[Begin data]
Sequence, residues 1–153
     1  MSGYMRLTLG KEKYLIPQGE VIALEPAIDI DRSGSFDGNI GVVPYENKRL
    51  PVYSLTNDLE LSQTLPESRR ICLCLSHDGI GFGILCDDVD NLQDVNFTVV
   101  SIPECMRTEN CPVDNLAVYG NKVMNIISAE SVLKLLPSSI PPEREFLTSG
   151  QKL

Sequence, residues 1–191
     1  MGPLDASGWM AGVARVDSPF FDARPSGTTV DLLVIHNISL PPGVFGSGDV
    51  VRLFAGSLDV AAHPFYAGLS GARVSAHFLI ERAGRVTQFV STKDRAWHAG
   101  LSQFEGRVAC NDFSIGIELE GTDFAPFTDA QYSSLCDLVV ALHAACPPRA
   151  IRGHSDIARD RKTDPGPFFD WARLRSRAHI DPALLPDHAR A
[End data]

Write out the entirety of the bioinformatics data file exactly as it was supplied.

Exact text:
Sequence, residues 1–153
     1  MSGYMRLTLG KEKYLIPQGE VIALEPAIDI DRSGSFDGNI GVVPYENKRL
    51  PVYSLTNDLE LSQTLPESRR ICLCLSHDGI GFGILCDDVD NLQDVNFTVV
   101  SIPECMRTEN CPVDNLAVYG NKVMNIISAE SVLKLLPSSI PPEREFLTSG
   151  QKL

Sequence, residues 1–191
     1  MGPLDASGWM AGVARVDSPF FDARPSGTTV DLLVIHNISL PPGVFGSGDV
    51  VRLFAGSLDV AAHPFYAGLS GARVSAHFLI ERAGRVTQFV STKDRAWHAG
   101  LSQFEGRVAC NDFSIGIELE GTDFAPFTDA QYSSLCDLVV ALHAACPPRA
   151  IRGHSDIARD RKTDPGPFFD WARLRSRAHI DPALLPDHAR A